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Dragonmount

Running too Low on Virtual Memory

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Recently I thought it'd be fun to start flying my CS757 again, and this time around, I randomly during the flight keep getting an error that I am running low on virtual memory, and flight ism exits, I never got this error message before when I used to fly the plane, anyone know what I can do to solve it?

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Need your system specs. An if you are using a 32 bit O/S you might have to move to the 64 bit O/S.

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Guest TomOOO

Before you buy new hardware/OS you could do something things. Virtual memory is nothing to do with the amount of RAM in your computer, but rather the total addressible space available space available - either as RAM or swap on disk. As McCrash notes, on a 32bit computer this is 4G (theoretically), but in fact the default setup on Windows is to allow programs only 2G of memory space. 1) Check you have enough disk space on your hard disk - you may not have enough space to grow the swap space on the hard disk - so you have limited allowed virtual memory. You can set a swap space to a value, though above 4G is pointless - and this limit must not be greater than the space left on the disk. Ie the hard disk is used for "memory" when you run out of RAM. So, to get 4G of total virtual memory on your 32 bit machine (system, graphics memory and program space) you must have that 4G on your hard disk available !2) Kill a few programs that are running on your computer taking virtual memory program space away from the FS. Make sure you don't have a virus, turn off the internet connection and kill the anti-virus for flying. These other programs are all taking away from your total 2G program-space.3) You don't have specs - but it is possible that with a couple of large graphics cards dual usage can make you run out of total memory - the graphics cards require virtual memory (the other 2G normally you can't get at), so 2x 1G memory cards attached to a 32 bit machine can cause issues with virtual memory since the OS will have made allowance for these and reduced the program-space.4) There is a mod for the OS that can assign more memory to program-space; more than the normal 2G. I would only recommend you do this is if you know what you are doing here. Especically if you have a large graphics card - you can memory fault the graphics card if you don't leave enough system virtual memory to the system by increasing the program space.5) Get a 64 OS. A 32bit program like FS9 and FSX can use up to 4G of memory, and 64bit program can use more than 2T of memory. So buying a 64 bit version of windows 7 for example will provide more space for the program to play. This is the expensive options of course - and you can theoretically get a slow down just upgrading the OS and not the computer.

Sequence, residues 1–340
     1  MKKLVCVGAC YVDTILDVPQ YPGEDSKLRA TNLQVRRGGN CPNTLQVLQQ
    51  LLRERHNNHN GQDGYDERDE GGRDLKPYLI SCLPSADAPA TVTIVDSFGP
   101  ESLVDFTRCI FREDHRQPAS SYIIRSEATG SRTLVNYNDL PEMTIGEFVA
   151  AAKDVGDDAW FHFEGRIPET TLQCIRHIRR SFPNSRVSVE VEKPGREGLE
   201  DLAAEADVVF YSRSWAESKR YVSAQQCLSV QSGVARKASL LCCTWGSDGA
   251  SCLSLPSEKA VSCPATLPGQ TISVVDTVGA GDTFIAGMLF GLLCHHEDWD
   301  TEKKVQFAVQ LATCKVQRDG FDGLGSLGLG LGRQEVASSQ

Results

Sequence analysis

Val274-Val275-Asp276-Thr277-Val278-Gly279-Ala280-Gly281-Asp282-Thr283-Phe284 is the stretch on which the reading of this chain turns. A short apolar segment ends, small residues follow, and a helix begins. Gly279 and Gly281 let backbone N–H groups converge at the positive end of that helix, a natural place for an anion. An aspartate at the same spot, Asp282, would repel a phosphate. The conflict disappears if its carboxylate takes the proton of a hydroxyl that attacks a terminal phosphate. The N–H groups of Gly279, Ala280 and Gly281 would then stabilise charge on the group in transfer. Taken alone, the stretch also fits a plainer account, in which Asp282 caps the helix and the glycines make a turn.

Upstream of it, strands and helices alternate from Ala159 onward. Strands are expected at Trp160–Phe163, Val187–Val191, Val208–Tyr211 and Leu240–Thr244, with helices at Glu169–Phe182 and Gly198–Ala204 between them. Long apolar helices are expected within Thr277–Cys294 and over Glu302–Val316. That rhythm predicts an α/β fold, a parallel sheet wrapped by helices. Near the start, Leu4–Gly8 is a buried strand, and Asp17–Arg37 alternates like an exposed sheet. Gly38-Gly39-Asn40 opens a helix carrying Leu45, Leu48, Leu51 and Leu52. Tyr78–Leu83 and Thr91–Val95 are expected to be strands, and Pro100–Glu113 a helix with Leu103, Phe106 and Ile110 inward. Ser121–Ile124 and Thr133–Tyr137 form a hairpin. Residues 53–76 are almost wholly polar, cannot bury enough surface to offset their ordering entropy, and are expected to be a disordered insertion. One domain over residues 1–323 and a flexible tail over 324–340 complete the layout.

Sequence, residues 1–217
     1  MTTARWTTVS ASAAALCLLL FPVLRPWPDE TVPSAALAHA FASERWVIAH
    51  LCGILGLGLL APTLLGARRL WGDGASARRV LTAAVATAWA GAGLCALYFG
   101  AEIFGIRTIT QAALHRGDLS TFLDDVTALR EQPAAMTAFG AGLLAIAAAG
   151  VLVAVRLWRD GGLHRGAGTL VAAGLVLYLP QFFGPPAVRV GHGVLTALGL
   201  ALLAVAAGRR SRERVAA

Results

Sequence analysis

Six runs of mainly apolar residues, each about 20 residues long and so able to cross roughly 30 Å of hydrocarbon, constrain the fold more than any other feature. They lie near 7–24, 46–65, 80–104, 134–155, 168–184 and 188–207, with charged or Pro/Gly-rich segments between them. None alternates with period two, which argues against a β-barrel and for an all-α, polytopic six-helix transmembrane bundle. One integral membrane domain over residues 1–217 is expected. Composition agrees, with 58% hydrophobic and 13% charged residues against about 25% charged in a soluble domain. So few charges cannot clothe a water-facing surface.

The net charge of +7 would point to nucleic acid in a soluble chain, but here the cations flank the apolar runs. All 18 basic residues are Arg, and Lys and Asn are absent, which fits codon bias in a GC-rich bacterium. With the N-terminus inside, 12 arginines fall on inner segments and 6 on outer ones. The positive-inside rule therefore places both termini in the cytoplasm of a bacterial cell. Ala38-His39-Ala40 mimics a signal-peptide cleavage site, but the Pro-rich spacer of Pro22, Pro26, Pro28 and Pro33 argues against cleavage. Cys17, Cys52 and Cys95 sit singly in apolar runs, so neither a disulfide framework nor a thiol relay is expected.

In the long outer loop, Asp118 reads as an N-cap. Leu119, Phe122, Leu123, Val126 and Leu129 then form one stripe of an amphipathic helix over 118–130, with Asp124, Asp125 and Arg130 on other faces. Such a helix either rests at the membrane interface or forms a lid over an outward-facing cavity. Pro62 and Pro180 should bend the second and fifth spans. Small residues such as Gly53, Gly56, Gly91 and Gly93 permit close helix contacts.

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Recently I thought it'd be fun to start flying my CS757 again, and this time around, I randomly during the flight keep getting an error that I am running low on virtual memory, and flight ism exits, I never got this error message before when I used to fly the plane, anyone know what I can do to solve it?
Search these forums - there are several threads on this subject already.

Gerry Howard

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TomOOOWhat do you mean by "memory fault the graphics card"?


Cheers;

Solren

401 Sqn RCAF "Rams" (ret.)

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Guest TomOOO
TomOOOWhat do you mean by "memory fault the graphics card"?
The memory on the graphics card has a "copy" in the main RAM memory, which then has a copy on disk. In ram the memory copy is in the hidden systems area which is by default 2G. It shares this with OS processes memory. If you don't provide enough system space in the 4G addressible space of a 32 bit machine for the system memory and the graphics card then the graphics card cannot write data to RAM/disk if this is required (when you send so many textures to the video card). A page fault is when a page of memory is not in RAM or Vram for the video card - so requests it from disk.A fatal page fault is when that page of memory is not available to the computer - you don't have enough disk space, it got corrupted, or the system space does not have enough space for the Vram swap. You usually get a BSOD with an fatal page fault - it computer cannot ever recover from such an error.So I meant the graphics card could not write a Vram page to RAM as not enough virtual space is available to do so. This can only ever happen with very large memory graphics card configurations on 32bit OS and when the system space allocation has been reduced to increase the program VM.

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